How getting more involved in Public Health England’s Stoptober campaign is the perfect way to reignite interest in pharmacy-based stop smoking services

Stoptober, Public Health England’s 28- day stop smoking challenge, is back. Following its success last year, comedians Bill Bailey, Shappi Khorsandi, Rhod Gilbert and Al Murray will be supporting this year’s campaign, sharing their personal experiences and providing humorous messages of support.

All pharmacies are invited to get involved and offer support, products and advice to the 260,000 or so smokers who are expected to take up the challenge. According to Public Health England, people are five times more likely to stay smoke free if they can stop for 28 days. Public Health England offers a variety of free support tools for smokers, including a mobile phone app, a quitting pack and emails and text messages from the comedians.

There are also be lots of tips, jokes and distractions available on Stoptober’s Facebook and Twitter accounts, along with supportive messages from the thousands of people quitting together. So why should community pharmacies be involved in this year’s campaign?

Stop smoking services

The proportion of the British adult population who smoke cigarettes has fallen by more than a half in the last 40 years. Latest data (2013) from the Office for National Statistics reveals that smokers now account for around 19 per cent of the population. Not only have fewer people taken up smoking over the last 40 years, but also more of those who did smoke have now quit.

However, this doesn’t mean that healthcare professionals such as pharmacists should become complacent. Sid Dajani, community pharmacist and Royal Pharmaceutical Society board member, says that pharmacists should use Stoptober to remind customers about the pharmacy services on offer. “I recommend smoking cessation services whenever customers come in for the new medicine service, medicines use review, diabetes or cardiovascular medication – in fact, anything that’s remotely relevant,” he says.

“Fewer customers are now smoking, but I’m targeting specific ‘at risk’ groups – mental health patients, pregnant women and those using other addiction services. People often think of GPs as lecturers, telling them not to smoke rather than giving them regular advice, usually because most GPs don’t have the time to chat,” he says.

“A pharmacy is an Aladdin’s cave of smoking cessation advice, not just products. No other healthcare professionals is as readily available as a The 28-day challenge community pharmacist.” According to Action on Smoking and Health (ASH), smokers getting support from local specialist stop smoking services are four times more likely to quit than those going ‘cold turkey’.

But statistics released this August show that fewer people are accessing these services. Between April 2014 and March 2015, 450,582 people set a quit date with the Stop Smoking Services in England. This is down 23 per cent on the previous year and is the third consecutive year to show a fall in the number of people using the services. At the four-week follow-up, 229,688 people – just over 51 per cent – reported that they had successfully stopped smoking.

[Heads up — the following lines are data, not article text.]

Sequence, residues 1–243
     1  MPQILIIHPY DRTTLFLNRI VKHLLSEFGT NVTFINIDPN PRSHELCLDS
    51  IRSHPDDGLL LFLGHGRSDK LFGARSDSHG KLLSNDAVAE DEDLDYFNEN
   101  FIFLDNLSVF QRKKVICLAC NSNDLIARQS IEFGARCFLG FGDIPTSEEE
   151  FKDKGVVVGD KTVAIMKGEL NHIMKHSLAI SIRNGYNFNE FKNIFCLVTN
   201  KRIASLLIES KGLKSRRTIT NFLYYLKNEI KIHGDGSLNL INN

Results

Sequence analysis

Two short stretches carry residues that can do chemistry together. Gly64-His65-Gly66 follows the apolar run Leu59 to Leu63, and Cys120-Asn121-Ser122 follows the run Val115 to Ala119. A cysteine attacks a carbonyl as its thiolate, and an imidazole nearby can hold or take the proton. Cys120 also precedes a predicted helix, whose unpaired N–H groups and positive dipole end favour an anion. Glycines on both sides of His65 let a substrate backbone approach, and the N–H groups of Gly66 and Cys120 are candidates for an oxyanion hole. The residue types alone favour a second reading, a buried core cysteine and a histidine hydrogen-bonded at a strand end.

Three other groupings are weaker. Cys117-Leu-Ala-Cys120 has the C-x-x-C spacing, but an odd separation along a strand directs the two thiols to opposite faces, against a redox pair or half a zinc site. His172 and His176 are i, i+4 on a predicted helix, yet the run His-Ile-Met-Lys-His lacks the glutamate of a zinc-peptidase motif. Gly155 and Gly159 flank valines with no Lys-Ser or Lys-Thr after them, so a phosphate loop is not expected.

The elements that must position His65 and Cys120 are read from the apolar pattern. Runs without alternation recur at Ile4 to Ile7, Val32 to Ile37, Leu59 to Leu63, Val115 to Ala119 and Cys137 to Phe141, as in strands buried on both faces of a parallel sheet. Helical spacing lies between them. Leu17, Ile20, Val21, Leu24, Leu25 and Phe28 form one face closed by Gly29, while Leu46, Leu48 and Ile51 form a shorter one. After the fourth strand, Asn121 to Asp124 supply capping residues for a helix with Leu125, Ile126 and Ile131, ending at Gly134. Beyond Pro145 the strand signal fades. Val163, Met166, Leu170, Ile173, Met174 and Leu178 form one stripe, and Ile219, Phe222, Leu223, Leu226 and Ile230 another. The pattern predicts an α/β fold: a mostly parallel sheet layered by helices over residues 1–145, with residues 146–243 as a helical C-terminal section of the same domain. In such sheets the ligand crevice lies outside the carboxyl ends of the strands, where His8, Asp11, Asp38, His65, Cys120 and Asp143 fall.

Stuart Gale, chief pharmacist at the Frosts Pharmacy Group and Oxford Online Pharmacy, says that community pharmacies are a much under-used asset and should be the first port of call for smokers looking to quit. “With pharmacies, no appointment is needed, they are on every high street and are quite often open six to seven days a week,” he says.

“Smoking is obviously a huge issue and we want to do whatever we can to help people quit before it’s too late. Every pharmacy should offer the same service, so pharmacy becomes the recognised place to give up. It should be a national scheme not just a local one that works only when the accredited pharmacist happens to be there.”

Stoptober benefits

Smoking cessation is a year-round issue. But Stuart Gale says that Stoptober often gives pharmacies the excuse or icebreaker required to talk to patients to see if they would like support to quit.

“We will be creating in-store displays and encouraging brief interventions when speaking with customers,” he says. “Online, we will be promoting the service on the site and with an e-mail marketing campaign.” Gul Root, lead pharmacist at Public Health England, agrees that Stoptober can be a great conversation starter at this time of year.

“On a daily basis, pharmacists and their teams continue to help and advise their customers on routes to stop smoking,” she says. “We’re delighted to be working with thousands of pharmacies across the country to encourage more sign ups and quit attempts. Pharmacists who want to get involved in the campaign can apply for a toolkit, which will provide further information about the campaign as well as access to a whole host of other collateral.”